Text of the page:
Research in our lab is focused on understanding the molecular mechanisms that ensure error-free propagation of the genome during cell division, and how defects in these mechanisms contribute to chromosomal instability (CIN) in cancer cells. Research highlights include an explanation for how the duplicated chromosomes become attached to the opposite poles of the mitotic spindle, a prerequisite for faithful chromosome segregation. The chromosomal passenger complex (CPC) regulates chromosome-spindle connections by phosphorylation of substrates that mediate these attachments.
My group demonstrated how the non-enzymatic subunits of the CPC assist Aurora B, the core kinase of the complex, in reaching these substrates and provided compelling evidence for a direct role of the CPC in the function of the mitotic checkpoint, a surveillance mechanism that inhibits anaphase onset until all chromosomes are properly connected to the mitotic spindle. This finding challenged the prevailing idea that the mitotic checkpoint simply fails to be silenced because the CPC detaches microtubules from chromosomes when they do not connect the duplicated chromosomes to opposite spindle poles.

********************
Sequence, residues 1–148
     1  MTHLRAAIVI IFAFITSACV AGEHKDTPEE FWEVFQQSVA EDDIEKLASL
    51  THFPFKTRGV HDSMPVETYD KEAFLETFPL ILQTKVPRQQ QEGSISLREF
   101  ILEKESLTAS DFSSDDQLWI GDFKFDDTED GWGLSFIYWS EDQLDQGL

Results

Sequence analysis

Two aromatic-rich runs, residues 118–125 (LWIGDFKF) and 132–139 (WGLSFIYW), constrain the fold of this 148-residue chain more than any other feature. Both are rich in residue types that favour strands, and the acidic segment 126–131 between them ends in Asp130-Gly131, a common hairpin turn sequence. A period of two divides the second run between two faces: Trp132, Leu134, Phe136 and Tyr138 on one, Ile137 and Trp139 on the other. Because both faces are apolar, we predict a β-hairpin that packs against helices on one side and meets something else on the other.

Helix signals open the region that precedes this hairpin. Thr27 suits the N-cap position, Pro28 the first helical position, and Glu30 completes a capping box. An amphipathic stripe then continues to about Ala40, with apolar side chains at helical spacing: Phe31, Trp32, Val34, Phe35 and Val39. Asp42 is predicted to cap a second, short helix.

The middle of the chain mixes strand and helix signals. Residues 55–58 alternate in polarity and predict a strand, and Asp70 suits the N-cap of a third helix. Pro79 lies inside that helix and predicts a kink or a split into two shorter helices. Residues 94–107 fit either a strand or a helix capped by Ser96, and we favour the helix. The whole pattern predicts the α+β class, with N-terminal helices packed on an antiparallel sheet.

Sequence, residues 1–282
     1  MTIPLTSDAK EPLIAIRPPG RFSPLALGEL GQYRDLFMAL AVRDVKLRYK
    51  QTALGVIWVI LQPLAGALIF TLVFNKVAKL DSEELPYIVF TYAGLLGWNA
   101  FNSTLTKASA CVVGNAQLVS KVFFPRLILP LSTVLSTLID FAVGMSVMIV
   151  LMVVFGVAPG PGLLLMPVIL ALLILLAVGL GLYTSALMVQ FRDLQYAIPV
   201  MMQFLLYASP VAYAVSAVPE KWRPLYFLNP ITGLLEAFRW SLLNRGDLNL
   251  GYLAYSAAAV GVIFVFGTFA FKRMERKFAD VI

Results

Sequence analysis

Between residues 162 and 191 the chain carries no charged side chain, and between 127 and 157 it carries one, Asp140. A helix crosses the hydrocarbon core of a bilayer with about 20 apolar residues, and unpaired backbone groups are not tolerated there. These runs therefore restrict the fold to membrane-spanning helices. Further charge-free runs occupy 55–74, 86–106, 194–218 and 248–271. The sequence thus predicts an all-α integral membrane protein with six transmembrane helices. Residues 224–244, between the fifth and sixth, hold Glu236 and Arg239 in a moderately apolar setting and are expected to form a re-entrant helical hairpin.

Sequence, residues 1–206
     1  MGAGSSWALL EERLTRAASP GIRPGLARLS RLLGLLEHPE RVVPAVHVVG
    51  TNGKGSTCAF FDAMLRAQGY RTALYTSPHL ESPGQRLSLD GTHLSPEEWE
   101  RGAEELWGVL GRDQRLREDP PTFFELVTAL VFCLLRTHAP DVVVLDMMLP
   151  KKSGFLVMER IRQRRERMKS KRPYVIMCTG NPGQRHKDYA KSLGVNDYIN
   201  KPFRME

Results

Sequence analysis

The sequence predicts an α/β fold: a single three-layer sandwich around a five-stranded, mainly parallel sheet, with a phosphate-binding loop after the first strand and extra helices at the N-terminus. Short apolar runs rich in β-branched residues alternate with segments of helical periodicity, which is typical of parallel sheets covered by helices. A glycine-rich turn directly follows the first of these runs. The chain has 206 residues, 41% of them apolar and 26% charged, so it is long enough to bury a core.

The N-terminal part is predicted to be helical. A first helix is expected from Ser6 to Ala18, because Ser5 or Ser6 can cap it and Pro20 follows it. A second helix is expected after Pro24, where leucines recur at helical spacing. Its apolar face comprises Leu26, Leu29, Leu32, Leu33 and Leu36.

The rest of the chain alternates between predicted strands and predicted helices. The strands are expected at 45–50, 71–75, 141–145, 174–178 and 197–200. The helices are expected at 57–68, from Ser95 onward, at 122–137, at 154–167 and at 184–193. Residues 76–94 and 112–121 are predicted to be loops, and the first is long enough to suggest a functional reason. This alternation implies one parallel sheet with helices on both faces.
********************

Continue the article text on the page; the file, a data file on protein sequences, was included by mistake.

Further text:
Furthermore, we were the first to generate a functional analog-sensitive Aurora B kinase mutant that allowed us to identify novel substrates of the CPC. When following up one of these substrates, Rif1 – a protein with a known function in DNA damage repair- we revealed a thus far unrecognized function for this protein in the resolution of ultrafine DNA bridges in anaphase that are formed by persistent DNA catanenes.
Together with our collaborators from PennU, we discovered how the CPC is able to discriminate between ‘right’ and ‘wrong’. Why does it sever error prone spindle-chromosome attachments, while it allows the stabilization of attachments that result in equal segregation? We provided experimental evidence for the model that upon chromosome bi-orientation, tension, generated by the opposing pulling forces of the connected microtubules, pulls substrates out of the sphere of influence of Aurora B kinase.
Our recent findings suggest a role for the non-enzymatic subunits of the CPC in cohesin stabilization at the centromere. Current research themes are the regulation of inner centromere integrity, the segregation behaviour of individual chromosomes, understanding how nuclear and cytoplasmic division are coordinated, and whether a deregulated CPC can explain chromosomal instability in cancer.